A recent study conducted by researchers at Ohio State University has found that the popular social media app TikTok is flooded with dangerous amounts of misinformation about women’s cancers. The app’s most popular cancer-related content, predominantly in the form of first-person testimonials, was discovered to be “misleading or dramatically inaccurate.” The study revealed that at least 73% of the information shared through TikTok was both inaccurate and of poor educational quality.
In response to the alarming prevalence of misinformation, medical professionals and organizations have taken to TikTok themselves to counteract the spread of false information. For example, Dr. Laura Makaroff of the American Cancer Society posted a clip debunking the false narrative that breast cancer rates in women under 45 had significantly increased between 2022 and 2023.
Oncologist Dr. Eleonora Teplinsky also raised awareness on TikTok about the dangers of believing phony medical information. She emphasized that such misinformation can be dangerous and lead to adverse outcomes.
The study conducted by Ohio State University focused on analyzing the most popular videos related to various women’s cancers. The aim was to identify patient concerns that may not be addressed during medical appointments. According to senior author Dr. Laura Chambers, the study revealed that many patients face additional challenges at home while undergoing treatment, such as finding ways to show love and attention to their children despite fatigue.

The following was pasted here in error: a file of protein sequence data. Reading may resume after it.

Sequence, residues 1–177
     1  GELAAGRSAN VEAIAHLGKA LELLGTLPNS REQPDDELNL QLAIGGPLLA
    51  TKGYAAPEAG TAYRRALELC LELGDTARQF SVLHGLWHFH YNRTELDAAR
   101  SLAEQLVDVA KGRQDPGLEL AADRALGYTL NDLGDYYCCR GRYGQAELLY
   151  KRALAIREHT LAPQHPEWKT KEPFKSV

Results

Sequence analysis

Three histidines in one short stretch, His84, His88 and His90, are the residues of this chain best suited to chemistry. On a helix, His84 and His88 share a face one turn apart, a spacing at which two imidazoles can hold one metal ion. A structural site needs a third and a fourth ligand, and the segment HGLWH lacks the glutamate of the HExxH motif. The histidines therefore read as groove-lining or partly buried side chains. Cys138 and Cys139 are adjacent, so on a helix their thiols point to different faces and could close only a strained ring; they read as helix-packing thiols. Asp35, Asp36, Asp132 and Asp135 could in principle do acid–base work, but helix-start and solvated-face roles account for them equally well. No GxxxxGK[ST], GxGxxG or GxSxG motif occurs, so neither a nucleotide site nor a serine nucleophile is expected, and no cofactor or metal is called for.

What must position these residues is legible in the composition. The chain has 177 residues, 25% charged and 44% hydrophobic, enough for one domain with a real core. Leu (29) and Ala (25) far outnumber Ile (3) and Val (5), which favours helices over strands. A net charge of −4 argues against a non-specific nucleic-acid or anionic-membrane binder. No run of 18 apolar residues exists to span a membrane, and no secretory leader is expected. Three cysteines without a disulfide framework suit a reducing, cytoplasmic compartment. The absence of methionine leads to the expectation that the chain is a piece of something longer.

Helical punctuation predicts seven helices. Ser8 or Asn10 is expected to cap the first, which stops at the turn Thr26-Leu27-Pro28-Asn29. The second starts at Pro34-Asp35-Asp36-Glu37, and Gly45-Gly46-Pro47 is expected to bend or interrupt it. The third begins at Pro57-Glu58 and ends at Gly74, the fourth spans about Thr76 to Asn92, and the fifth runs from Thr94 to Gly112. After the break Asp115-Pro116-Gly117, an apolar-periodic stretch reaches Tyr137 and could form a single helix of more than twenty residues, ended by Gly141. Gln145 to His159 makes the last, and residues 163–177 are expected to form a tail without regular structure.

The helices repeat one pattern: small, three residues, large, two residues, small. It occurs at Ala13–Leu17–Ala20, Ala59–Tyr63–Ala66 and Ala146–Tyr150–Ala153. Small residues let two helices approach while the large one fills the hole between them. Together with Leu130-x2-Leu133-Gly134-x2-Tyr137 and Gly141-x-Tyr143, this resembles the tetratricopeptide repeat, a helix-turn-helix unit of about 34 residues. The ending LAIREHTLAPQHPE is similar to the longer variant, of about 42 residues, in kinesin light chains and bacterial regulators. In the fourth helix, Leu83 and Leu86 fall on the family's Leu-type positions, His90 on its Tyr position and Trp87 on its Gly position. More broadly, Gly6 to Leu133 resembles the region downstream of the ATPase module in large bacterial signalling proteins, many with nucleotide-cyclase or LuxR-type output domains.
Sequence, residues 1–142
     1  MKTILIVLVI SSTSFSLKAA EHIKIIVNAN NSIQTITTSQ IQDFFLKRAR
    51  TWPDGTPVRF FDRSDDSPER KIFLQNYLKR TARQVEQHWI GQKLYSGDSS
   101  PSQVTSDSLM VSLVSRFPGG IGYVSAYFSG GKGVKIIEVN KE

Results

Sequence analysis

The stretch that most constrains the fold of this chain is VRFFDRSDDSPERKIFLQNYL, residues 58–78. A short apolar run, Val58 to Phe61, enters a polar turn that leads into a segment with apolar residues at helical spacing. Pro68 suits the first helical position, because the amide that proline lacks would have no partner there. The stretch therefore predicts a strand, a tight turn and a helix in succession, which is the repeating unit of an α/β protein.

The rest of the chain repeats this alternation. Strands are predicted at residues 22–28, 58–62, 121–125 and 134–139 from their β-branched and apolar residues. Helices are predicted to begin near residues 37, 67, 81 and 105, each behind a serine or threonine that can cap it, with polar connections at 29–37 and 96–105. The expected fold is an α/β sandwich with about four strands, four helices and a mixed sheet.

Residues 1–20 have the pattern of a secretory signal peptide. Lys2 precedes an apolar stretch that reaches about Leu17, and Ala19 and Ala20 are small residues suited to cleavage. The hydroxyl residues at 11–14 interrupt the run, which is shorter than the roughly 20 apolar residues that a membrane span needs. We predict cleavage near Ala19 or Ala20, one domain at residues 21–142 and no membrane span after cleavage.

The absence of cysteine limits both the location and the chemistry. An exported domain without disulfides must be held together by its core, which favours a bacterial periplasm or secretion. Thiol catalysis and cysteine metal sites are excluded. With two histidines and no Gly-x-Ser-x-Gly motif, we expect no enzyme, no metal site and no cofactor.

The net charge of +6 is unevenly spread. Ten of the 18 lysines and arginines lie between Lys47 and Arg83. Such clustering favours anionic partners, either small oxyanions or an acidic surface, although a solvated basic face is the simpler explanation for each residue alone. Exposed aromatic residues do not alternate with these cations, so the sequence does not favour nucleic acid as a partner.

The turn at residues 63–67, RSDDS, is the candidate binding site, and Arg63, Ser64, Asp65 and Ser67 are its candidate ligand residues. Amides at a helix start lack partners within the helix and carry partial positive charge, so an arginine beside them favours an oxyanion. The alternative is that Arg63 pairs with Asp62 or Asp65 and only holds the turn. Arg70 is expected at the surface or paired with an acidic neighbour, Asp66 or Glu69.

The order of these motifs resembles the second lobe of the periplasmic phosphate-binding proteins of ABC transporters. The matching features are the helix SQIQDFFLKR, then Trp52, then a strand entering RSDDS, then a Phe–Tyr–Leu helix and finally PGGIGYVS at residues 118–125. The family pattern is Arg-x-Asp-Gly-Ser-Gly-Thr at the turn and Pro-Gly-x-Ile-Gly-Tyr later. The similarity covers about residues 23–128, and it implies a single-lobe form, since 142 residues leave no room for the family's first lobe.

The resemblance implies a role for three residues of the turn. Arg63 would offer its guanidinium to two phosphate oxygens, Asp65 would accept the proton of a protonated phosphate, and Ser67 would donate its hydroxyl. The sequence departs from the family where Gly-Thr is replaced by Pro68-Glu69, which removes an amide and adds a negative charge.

This is not the first time health officials have raised concerns about misleading content on TikTok. In the past, influencers have promoted the false idea that tampons are linked to cancer due to titanium dioxide. Similarly, the University of Michigan conducted a study in 2021 investigating the spread of misinformation about prostate cancer online.
Given the lack of regulations on the quality of medical advice shared on TikTok, individuals seeking reliable information may find greater safety on YouTube. YouTube recently launched an initiative to combat fake cancer news by removing content that promotes harmful or ineffective cancer treatments or discourages viewers from seeking professional medical treatment.
– Ohio State University researchers
– Dr. Laura Makaroff of the American Cancer Society
– Dr. Eleonora Teplinsky, Oncologist
– University of Michigan study